|Abstract or Summary
- This study investigates the atmospheric flight dynamics of a munition system and the effect of a tether reel resistance mechanism for limiting the impact that the unreeling process has on the munition system. The munition system consisting of two projectiles connected by a tether line is released from an aircraft at altitude and drops toward a target on the ground. Initially the two projectiles are rigidly attached. At a specified time, the projectiles separate and subsequently unreel the tether line. After the tether line is fully payed out, the system settles toward a steady state as it approaches the ground. Two different computation procedures are compared for modeling the tether unreeling process, namely, the pop-out and all-out methods. The all-out method requires significantly higher computation whereas the pop-out method induces spurious vibration into the tether line as line is released. It is shown that while projectile position results converge for a relatively low number of tether line elements, the maximum tether loads require a significantly larger number of elements. Parametric studies indicate that increases in tether stiffness contribute to increases in maximum tether line load and maximum
follower projectile acceleration while having very little effect on the range of the lead and follower projectiles. An increase in the drag coefficient ratio increases the maximum tether line load and the maximum acceleration on the follower projectile. However, increasing the drag coefficient ratio also causes a decrease in the speed of the lead projectile, which leads to a decrease in range of the system. A follower projectile equal in weight to the lead projectile results in an increase in tether deployment time while having little effect on the range of the lead projectile. For a low follower-to-lead projectile-mass ratio, the tether line unreeling process is predominantly due to the follower and lead projectile separation. Conversely, for a high follower-to-lead projectile-mass ratio, the tether line tends to billow and subsequently unreels itself independent of lead and follower projectile motion. The parametric studies led to the determination of reel configurations which decrease tether line loads, maximum acceleration on the follower projectile, time to reach a steady state condition, and the terminal miss distance. Reel resistance functions based on feasible mechanisms were determined for various drop speeds, mass ratios, drag coefficient ratios and tether line stiffness. High end, low end, and mid-range optimal resistance functions were chosen from the range of each category. Each selected optimal resistance function was utilized in the above computation procedure for modeling the tether unreeling process to determine and compare the deployment characteristics produced over the entire range of each category. The deployment characteristics produced by each optimal resistance function were used to determine envelopes for successful deployment. Reel resistance based on either line out or line out rate provided two powerful means to reduce line loads. Resistance as a function of line out yields the overall best performance, however,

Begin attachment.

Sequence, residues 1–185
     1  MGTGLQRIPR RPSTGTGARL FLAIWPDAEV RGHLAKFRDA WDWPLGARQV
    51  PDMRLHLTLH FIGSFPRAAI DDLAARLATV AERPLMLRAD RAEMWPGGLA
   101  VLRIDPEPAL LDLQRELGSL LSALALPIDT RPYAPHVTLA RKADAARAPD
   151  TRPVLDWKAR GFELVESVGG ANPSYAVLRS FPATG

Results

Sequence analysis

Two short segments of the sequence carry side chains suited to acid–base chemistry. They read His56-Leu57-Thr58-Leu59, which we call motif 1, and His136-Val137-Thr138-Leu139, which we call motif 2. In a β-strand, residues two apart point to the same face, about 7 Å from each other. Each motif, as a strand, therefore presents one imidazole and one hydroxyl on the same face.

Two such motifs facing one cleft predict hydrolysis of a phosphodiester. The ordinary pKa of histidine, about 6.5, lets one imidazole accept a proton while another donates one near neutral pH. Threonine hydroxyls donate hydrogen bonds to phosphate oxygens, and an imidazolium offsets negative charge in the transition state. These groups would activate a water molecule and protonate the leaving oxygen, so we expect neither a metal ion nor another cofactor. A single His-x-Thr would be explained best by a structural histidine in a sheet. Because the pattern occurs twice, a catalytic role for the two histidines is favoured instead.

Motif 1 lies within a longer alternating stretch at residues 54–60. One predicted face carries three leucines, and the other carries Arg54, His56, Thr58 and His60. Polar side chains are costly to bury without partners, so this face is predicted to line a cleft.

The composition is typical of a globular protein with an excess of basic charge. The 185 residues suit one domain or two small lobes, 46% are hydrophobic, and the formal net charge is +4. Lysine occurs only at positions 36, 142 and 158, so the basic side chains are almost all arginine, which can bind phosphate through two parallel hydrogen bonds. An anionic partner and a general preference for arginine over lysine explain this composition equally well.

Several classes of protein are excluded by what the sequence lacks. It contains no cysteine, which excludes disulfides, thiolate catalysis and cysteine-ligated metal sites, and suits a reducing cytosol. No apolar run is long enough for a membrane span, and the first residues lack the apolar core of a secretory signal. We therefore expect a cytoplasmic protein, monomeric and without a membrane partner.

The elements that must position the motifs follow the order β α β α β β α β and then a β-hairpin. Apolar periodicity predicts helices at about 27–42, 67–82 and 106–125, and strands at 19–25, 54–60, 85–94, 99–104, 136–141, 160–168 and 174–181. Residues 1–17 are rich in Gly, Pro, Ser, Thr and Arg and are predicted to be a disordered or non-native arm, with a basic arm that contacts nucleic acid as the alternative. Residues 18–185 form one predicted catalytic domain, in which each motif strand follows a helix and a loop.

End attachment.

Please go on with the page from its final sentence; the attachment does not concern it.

resistance based on line out rate provided suitable performance over a wider band of drop speeds, mass ratios, and drag coefficient ratios.